Just in time for the weekend, here’s a little list of some of the things I’ve been listening to and reading this week, some of it online — Storyboard included, natch — and some of it on vinyl or actual ink and paper.
Two of my biggest loves are narrative journalism and music, and I’m lucky that my days are filled with both. When reading stories, I get inspired by songs I think fit the article’s theme — a soundtrack. To start out, here are a couple of this week’s Storyboard articles, and their soundtracks:
“Annotation Tuesday! Rachel Monroe and “Have You Ever Thought About Killing Someone?” This is one of the more disturbing reads of recent memory, about a man who said he wanted to be killed, and the teen who took him up on it. Monroe spent more than a year on the piece, and admits she became obsessed with it. Here’s a great insight from her about the ending: “I remember driving home from Big Bend one day after having spent hours going through the files, high with this particular kind of euphoria that had to do with feeling as though I knew this story better than anyone else – better than the cops, because Baker was being more honest with me (I thought) than he’d been with them; better than Baker, because I had access to all this info about Shannon through the police file. I’ve come to realize that’s a dangerous kind of writerly hubris, and one that can get in the way of telling a story honestly. Sometimes uncertainty and doubt is the most truthful attitude. I think the ending has to do with exactly that realization — that there’s so much I don’t know, will never know, about Baker and Shannon and whatever happened between them that day.”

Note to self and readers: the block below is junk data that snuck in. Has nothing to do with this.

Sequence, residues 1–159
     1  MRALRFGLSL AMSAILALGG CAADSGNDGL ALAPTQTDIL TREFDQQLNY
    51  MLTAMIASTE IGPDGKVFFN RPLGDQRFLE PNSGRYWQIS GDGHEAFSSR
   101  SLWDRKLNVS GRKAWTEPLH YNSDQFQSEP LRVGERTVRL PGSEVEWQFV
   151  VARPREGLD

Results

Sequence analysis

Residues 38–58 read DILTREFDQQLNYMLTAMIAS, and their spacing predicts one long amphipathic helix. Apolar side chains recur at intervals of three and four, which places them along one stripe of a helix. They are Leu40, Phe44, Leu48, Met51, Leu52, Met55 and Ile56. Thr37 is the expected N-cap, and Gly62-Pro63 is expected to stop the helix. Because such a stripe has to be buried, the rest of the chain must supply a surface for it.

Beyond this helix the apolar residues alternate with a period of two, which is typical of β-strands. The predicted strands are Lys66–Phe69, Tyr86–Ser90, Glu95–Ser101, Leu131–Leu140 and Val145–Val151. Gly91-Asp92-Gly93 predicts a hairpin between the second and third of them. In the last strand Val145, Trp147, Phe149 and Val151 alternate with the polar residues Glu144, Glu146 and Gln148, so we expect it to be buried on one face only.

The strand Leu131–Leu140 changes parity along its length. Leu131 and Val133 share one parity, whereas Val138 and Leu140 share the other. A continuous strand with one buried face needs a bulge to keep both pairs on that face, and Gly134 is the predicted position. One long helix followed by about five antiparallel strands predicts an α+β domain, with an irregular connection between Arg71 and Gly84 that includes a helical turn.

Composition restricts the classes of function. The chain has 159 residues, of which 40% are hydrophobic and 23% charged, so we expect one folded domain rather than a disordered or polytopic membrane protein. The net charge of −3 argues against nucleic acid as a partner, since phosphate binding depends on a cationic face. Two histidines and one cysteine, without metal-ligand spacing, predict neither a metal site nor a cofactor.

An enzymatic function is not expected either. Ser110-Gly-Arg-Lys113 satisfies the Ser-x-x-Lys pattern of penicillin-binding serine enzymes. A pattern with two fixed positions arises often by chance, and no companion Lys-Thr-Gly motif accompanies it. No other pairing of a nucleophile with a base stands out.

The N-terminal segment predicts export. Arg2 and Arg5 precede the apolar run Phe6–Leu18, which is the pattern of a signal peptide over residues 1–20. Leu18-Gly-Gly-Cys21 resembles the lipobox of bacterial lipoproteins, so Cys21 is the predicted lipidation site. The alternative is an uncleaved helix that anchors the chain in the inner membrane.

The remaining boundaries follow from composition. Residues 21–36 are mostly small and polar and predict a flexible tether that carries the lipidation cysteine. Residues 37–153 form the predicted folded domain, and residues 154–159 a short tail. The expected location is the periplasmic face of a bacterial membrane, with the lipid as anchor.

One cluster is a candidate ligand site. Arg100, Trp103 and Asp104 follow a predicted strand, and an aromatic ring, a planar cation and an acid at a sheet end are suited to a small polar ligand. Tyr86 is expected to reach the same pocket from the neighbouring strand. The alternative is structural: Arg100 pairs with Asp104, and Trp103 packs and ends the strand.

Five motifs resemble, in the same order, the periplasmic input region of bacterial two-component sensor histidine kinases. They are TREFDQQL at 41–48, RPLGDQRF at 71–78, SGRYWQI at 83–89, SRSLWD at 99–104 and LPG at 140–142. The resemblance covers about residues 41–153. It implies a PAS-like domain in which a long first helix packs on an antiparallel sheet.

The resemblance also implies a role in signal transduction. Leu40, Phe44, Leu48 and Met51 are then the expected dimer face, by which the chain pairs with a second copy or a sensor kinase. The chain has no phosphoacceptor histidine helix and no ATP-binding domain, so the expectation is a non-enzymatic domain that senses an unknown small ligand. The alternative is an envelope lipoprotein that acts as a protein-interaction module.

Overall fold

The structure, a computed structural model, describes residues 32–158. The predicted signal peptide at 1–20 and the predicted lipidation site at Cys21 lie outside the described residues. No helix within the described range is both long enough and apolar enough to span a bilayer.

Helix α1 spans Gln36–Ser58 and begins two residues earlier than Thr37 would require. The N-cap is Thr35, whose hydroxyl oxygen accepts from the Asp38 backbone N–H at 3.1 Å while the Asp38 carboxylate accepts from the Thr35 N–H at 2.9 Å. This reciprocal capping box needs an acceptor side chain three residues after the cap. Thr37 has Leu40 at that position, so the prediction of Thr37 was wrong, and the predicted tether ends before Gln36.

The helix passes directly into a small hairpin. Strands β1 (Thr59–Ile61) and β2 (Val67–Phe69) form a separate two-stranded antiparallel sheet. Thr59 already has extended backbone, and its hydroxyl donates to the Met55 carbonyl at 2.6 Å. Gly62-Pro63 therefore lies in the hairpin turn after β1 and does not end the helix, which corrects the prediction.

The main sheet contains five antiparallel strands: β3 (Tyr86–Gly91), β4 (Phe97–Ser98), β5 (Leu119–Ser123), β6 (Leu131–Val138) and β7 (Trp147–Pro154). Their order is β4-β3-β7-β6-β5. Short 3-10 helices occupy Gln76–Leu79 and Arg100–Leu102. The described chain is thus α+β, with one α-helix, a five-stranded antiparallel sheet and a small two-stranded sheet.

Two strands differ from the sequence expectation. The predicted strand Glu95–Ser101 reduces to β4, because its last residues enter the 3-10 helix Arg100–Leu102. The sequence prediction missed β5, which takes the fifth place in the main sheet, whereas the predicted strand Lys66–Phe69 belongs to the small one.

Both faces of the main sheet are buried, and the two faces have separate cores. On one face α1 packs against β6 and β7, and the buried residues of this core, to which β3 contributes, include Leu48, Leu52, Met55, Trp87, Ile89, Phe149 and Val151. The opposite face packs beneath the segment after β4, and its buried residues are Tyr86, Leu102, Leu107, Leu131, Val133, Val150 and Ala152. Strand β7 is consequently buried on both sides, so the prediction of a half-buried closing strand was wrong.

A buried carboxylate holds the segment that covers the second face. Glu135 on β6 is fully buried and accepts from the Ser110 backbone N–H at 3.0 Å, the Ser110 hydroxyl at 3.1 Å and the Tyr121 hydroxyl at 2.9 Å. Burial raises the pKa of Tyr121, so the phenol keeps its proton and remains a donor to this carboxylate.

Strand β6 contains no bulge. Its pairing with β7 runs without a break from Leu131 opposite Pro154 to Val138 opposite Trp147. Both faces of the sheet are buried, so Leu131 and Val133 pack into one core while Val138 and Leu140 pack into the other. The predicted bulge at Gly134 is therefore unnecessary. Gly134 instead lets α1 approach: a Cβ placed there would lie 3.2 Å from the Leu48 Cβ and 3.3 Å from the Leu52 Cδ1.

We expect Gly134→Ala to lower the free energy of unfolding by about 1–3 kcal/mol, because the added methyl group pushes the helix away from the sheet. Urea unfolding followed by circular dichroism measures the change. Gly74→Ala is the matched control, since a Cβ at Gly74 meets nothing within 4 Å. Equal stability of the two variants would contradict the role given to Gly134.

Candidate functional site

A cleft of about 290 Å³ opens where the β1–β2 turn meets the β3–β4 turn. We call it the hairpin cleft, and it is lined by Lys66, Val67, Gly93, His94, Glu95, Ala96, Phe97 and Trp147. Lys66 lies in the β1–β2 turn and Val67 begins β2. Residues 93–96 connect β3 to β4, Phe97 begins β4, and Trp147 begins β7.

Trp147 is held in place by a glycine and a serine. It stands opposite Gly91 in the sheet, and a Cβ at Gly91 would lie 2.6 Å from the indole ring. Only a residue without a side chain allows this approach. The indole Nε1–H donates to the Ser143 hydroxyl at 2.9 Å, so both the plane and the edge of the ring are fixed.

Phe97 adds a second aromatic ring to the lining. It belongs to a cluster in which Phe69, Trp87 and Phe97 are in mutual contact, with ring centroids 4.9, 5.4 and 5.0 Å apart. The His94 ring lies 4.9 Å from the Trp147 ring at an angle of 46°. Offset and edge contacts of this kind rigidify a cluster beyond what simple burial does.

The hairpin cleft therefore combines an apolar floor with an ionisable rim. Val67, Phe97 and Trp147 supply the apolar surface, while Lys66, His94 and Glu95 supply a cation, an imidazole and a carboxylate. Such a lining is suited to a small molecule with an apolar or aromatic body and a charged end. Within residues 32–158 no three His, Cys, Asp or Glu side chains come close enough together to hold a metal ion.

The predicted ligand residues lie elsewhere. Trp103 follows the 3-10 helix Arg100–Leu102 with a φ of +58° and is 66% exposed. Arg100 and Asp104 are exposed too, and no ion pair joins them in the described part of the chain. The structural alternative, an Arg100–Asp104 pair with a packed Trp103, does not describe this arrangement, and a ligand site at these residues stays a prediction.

The soundtrack: “Death Wish Man,” by Captain Clegg and the Night Creatures. This is not a band I’d ever listened to before (and doubt I’ll listen to again), but the title and the vibe seemed to fit. It’s the kind of blues rock (think “Bad to the Bone”) I heard a lot in Texas, where the story is set.
Why’s This So Good? Mark Seal and “The Man in the Rockefeller Suit.” This is another in our series of “Tomorrow’s journalists exploring the masters of today,” and I’m fascinated by the choices the students made. This one in particular: It came out in 2008, when student McKenzie Pendergrass was probably still in junior high. But it’s the kind of story that stays with you (and later became a book). As she writes, “In a Vanity Fair piece that reads like fiction, Mark Seal tells the story of a man who conned his way to the top of American society, while trying to answer this question: How could one man, born in Germany, an immigrant to America in the late 1970s, be so many people—and none of them?”
The soundtrack: “Nowhere Man,” by the Beatles. Doesn’t “Rubber Soul,” the album this is on, seem to be that moment between the old, “cute” Beatles and the darker, exploring Beatles? And this song seems to be the real marker between the two.